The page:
Furthermore, could you offer some examples of an economy that has deployed QE and avoided inflation? We have a dozen or more examples of economies that have printed money and reaped the whirlwind of high or hyper inflation.

AD627 said...

Oh, and while asset bubbles are indeed a perennial problem, this one was caused by governments. The Greenspan put was a prime driver. In the UK, Brown's fudging of the inflation measure and packing of the MPC with dolts, together with a massively pro-cyclical fiscal policy were key.

In addition, his trashing of the pension industry and encouragement of wholesale immigration helped drive house prices to unsustainable levels.

Anonymous said...

Easy just turn half of the public sector into fertiliser.
No one will notice the difference,aprox 400 billion a year will be saved,and we will not have to import food anymore.
Plus we get the added joy of watching the fuckers dance whilst beibg riddled with bullets.
Job done.

thefrollickingmole said...

Blue Eyes.

I would argue against youe assertion they have no intrinsic value.

Both have been seen as a shelter in severe economic downturns, people have confidence they maintain some value of their own. Brown sold your gold at rock bottom prices because he believed there was no intrinsic value in it, somehow that thing with no value is worth 4-5 times what he sold it for.

Housing (at least in Australia) is overpriced because of 2 reasons. lack of supply, and secondly it is the LEAST taxed form of investment (when you factor in risk). We currently have a taxation review underway which is making rumbles about "removing this distortion from the market".

So taxing every other investment isnt a distortion, only not taxing it is?

Politicians are scum, it doesnt matter where you are. They dont want money to have value tied to anything, or they cant print more of it and transfer those debits theyve run up to the general public via inflation/devaluation.

TheFatBigot said...

Injecting lots of extra cash might be inflationary, it might be deflationary or it might be neutral; it all depends what happens to the money.

Previously the banks had paid the government lump sums in return for the right to receive future income. This is what "gilts" are - IOUs issued by the government. Now they are selling back those IOUs, in effect they are giving up the right to future income in return for cash.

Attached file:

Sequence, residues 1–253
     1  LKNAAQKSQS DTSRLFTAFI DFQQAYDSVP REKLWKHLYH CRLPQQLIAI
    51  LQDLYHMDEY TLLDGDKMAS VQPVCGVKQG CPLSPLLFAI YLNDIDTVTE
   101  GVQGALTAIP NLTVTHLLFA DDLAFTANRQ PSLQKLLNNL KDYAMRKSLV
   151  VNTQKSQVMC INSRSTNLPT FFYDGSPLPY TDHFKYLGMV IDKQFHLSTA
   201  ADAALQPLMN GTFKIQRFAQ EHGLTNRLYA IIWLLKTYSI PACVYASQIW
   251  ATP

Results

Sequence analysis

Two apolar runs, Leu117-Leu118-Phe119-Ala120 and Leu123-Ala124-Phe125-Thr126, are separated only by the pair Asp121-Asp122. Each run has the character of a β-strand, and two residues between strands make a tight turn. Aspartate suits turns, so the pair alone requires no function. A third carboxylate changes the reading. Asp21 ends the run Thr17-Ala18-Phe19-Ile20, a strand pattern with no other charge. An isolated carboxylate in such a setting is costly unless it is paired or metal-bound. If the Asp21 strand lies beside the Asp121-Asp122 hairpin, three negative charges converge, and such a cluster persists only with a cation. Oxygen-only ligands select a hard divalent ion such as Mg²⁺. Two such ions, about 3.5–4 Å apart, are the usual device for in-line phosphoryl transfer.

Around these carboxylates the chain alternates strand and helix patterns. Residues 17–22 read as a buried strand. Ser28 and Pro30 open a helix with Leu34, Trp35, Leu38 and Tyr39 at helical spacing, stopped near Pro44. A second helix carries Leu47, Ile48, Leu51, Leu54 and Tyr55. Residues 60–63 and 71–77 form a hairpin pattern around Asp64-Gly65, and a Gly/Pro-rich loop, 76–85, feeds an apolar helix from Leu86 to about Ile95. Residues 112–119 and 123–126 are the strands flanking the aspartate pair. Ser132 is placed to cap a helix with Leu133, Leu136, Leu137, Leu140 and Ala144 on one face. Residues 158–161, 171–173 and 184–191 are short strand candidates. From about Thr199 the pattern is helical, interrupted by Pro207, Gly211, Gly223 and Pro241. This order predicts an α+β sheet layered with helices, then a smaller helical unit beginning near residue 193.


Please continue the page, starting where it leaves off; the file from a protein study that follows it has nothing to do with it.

The cash the government is using to buy these IOUs has not come out of the safe at 11 Downing Street, it has been created by running the printing presses. On the face of it this injects additional money into the system and should be inflationary (because the same amount of assets exist but there is more of the stuff by which they are valued).

But, it can only be inflationary if the new cash is available for use. In fact the banks are required to keep it in the safe, to be called upon to meet liabilities as and when they arise.

An inability of banks to pay their debts is essentially deflationary because the creditors' cash receipts fall and so, therefore, does the amount of cash in circulation. Allowing the banks to meet liabilities that would otherwise not have been met is inflation neutral.

This is why the QE process, as it is being exercised today, is essentially inflation-neutral in the short term - because it does not affect the day-to-day supply of money sloshing around the system.

The longer term is almost impossible to predict because current QE policy is just one aspect of the equation. Not only might that policy change but there is also the effect of the need to repay huge government debt. This also might be inflationary, deflationary or neutral, it all depends on what steps are taken.

John B said...

TFB, good stuff.

The area where serious inflation *is* a risk is if the next government decides that deliberately inflating away the debt will be easier than trying to repay it. This has nothing to do with QE, however.

Anonymous said...

The time lag between an increase in the money supply and the correlating level of inflation is well established.
Basic, fundamental economics. Weimar here we come.

Anonymous said...

Anon 01:21, Wiemar nothing, Zimbabwe here we come.

March Hare said...

Someone asked for a country that employed QE without resulting high inflation - Japan.

Brown was right, in some senses, that gold has very little intrinsic value. The value it has is the biggest bubble in human history, and the longest one, simply because people believe it to be untouchable. Real value comes from what use something is. Gold has limited uses in anything other than Jewelery and so actually does nothing to increase value when manufactured with something else. Sand, when melted into a silicon wafer, can produce integrated circuits; silver can be used in high quality electronics; hydrocarbons can be used to manufacture plastics etc. etc.

Gold has no real use and is simply valuable because idiots think it will always be valuable.

sobers said...

@ John B: I'm afraid your description of a 'bank thinking it had £50bn, and finding it had £25bn' proves you know sweet FA about banking.